CES’ Gary Shapiro: Tech world finding better ways to serve

And at the same time that the car is a platform we’re making these huge shifts to electric, to hybrid, to various levels of self-driving. And there’s so much going on in the automotive world. There’s no question that the automobile has a long life ahead of it in terms of being a product consumers want, need, enjoy, appreciate. Never before in my career have I seen shortages of cars across the board, not only new cars but used cars.

On automakers at CES:

Mary Barra announced [General Motors’] whole electric strategy at CES in 2021. In 2022, she’s showing a really cool new car, which is fabulous and that’s really exciting.

A number of [automakers] are having press conferences: Hyundai, Volvo and I think others as well. And we have a lot of great speakers, a whole bunch of different sessions on mobility and also mobility going beyond the automobile.

John Deere, for example, in agriculture is big and they’re coming back. They find CES a great way to talk about what they’re doing, and they’re really shifting to the autonomous area very quickly, and that’s very positive. And then of course, there is the electric scooters and the last-mile solutions.

On the Consumer Technology Association’s new research into consumer attitudes toward electric vehicles:

They’re receptive. The only downside is that knowledge is a barrier. Only 32 percent of people who don’t own an electric vehicle are aware of superchargers that can recharge cars in 20 minutes or under. And only 24 percent are aware that some EVs come equipped with self-driving mode. And only 19 percent believe there are enough charging stations for long-distance trips. And cost is a barrier, because about 6 in 10 Americans say that EVs are too expensive to buy.

So with the intense competition, with mass production, with changes in innovation, quickly all those things that people are concerned about are going to go away, and I think it’s like a lot of innovations and technology.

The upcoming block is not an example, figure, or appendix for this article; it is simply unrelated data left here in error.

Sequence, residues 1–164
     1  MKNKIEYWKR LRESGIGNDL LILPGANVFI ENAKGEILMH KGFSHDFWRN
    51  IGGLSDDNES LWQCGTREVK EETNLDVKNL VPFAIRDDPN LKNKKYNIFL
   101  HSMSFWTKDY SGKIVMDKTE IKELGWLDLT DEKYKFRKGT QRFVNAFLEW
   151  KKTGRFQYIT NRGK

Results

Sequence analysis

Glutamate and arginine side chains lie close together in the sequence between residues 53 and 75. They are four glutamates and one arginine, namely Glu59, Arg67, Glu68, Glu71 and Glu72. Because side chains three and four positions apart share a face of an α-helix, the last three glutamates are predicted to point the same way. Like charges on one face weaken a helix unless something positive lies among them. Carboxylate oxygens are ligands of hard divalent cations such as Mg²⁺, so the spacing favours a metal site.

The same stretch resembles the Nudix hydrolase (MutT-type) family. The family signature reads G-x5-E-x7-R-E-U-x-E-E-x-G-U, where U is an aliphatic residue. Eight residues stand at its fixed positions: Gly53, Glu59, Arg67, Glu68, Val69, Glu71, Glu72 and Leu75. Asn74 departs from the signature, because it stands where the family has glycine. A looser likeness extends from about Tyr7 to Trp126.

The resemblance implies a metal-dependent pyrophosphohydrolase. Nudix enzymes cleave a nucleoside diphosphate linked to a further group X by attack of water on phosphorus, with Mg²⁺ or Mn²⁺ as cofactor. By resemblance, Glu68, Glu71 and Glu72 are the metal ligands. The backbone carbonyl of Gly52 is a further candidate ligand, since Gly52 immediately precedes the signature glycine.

On the acceptance of new technology:

My career has taught me that people don’t know what they want until they personally experience it and see the value of it. And I talk about everything from the computer to the telephone, to the garage door opener, to the remote control on your television, to the microwave oven, to a smartphone, to a tablet, to videoconferencing like we’re doing now.

Everything has to come in its time in a way, and when the technology is ready. All these things, when you surveyed Americans, people would say they wouldn’t want it.

I was involved in this deeply with high-definition television. A lot of people, including consumer groups and the Europeans, said consumers don’t really care about this great thing called HDTV. We just, you know, maybe widen the screen and do a little thing, and that’s fine. And they all had to redo what they’re doing. Japan actually said analog is good enough. They had to recall their TVs. And the U.S. actually did it right, and it’s one of the great accomplishments I’m proud of.

But the point is that people love this stuff and we don’t even call it HDTV, we just call it TV and then we’ve gone to 4K, we’re going to 8K.

Same thing with automobiles. If you look at everything in an automobile, from windshield wipers to the various entertainment and connectivity devices, the thing is like, you have to ask yourself: “If it leaves the car, will I be upset?”

Living in Detroit, I got to say you take away my butt warmer, my heating on my steering wheel, I get really upset. You know, I can’t live without this stuff. And some of the other stuff, even the backup noises that your car makes or the backup camera. We just don’t know we need this stuff until we see it and use it. And then we say, “Don’t take it away from me.”

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